Our Gandikota journey began in the afternoon from the mesmerising Belum Caves, the second largest natural caves in the Indian subcontinent. After exploring this natural underground wonder, we set off on a road trip towards Gandikota, marking my route to ensure a smooth and picturesque drive.

Upon reaching Gandikota, I checked into the comfortable Haritha Resorts, a welcoming abode amidst the ancient landscape. The cosy cottage provided a comfortable retreat, preparing me for an evening of exploration.

Gandikota Fort and Monuments

Viewving from the fort at Gandikota
A view from Gandikota Fort.

Evening Exploration: Following local guidance, I visited the Gandikota Fort, which has Shri Madhavaraya Swamy Temple, immersing myself in its historical significance and architectural marvels. The journey then led me to the nearby Raghunatha Swamy Temple, a grand heritage temple site that added another layer of spiritual richness to my journey.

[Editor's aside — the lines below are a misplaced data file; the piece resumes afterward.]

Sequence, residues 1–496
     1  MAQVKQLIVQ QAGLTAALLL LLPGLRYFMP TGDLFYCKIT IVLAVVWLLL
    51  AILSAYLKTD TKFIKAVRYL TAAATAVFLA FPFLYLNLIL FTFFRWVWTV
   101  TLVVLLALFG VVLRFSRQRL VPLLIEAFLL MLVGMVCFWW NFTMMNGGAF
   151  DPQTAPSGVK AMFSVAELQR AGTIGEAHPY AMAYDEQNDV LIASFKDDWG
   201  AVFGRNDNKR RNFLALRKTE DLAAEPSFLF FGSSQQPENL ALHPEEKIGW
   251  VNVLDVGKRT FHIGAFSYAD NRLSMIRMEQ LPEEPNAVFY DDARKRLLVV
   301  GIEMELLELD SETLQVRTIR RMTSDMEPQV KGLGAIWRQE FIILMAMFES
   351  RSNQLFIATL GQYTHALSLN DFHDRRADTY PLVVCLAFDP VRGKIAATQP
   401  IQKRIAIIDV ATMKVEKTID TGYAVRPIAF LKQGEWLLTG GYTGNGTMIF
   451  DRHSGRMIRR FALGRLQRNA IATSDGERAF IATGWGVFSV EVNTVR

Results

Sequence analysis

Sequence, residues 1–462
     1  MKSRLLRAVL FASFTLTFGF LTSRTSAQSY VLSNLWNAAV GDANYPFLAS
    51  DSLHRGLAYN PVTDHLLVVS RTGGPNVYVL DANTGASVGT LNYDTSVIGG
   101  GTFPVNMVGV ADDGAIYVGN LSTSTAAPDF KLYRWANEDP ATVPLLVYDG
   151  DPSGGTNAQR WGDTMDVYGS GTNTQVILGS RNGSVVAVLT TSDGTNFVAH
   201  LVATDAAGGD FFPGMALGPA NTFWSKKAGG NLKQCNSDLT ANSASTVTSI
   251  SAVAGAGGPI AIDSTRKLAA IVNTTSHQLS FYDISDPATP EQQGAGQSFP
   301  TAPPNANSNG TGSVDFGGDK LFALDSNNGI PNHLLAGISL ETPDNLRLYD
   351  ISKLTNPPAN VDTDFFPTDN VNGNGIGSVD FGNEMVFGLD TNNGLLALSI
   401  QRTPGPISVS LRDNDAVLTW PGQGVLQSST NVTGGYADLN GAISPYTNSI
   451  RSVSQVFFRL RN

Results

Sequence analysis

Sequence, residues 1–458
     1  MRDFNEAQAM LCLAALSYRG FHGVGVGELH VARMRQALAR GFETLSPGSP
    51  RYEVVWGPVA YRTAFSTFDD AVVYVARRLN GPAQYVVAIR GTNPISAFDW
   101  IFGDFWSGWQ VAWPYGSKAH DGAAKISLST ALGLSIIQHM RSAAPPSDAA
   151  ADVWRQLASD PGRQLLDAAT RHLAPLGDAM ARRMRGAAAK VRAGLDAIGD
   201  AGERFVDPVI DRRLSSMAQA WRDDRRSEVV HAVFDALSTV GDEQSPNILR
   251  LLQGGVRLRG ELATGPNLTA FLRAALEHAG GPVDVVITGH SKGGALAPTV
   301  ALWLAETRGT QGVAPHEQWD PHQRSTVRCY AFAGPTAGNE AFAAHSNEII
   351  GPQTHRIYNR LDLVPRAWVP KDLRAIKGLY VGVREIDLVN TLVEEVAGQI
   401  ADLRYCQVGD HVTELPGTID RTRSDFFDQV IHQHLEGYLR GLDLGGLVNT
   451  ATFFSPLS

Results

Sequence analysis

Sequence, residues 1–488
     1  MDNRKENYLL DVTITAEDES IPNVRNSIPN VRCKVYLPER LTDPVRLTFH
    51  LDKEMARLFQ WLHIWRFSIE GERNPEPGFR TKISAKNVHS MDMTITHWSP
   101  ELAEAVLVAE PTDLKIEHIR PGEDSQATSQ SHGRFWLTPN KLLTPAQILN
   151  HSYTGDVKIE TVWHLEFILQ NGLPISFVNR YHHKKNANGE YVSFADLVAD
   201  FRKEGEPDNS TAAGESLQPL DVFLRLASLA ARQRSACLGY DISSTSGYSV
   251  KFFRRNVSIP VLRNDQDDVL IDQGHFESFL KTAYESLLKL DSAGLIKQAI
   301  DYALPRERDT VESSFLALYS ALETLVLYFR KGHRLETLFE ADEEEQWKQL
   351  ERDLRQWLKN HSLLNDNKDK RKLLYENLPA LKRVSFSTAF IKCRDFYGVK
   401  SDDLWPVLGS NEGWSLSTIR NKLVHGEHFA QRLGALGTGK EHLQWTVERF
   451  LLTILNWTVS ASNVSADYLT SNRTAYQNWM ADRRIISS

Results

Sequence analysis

Shri Madhavaraya Temple

A large and grand four-storey entrance tower (gopura) stands before Shri Madhavaraya Temple in Gandikota, also known as Shri Madhavaperumal temple.

Gopura - Entrance tower of Madhavaraya temple of Gandikota
The imposing gopura (entrance tower) of Shri Madhavaraya temple's courtyard enclosure at Gandikota.

Built in 16th century CE,[5] contemporary to the reign of Shri Krishnadevaraya in Vijayanagara , this grand temple's main gopura measures 16.20 metres X 10.72 metres at the base. The shala-shikhara part above the gopura was unfortunately ruined at some point and doesn't exist anymore.

Entrance tower - Gopura - of Gandikota Shri Madhavaraya temple
The towering gopura of Shri Madhavaraya temple.
Sculpted pillars of Shri Madhavaraya temple of Gandikota
Sculpted pillars of Shri Madhavaraya temple.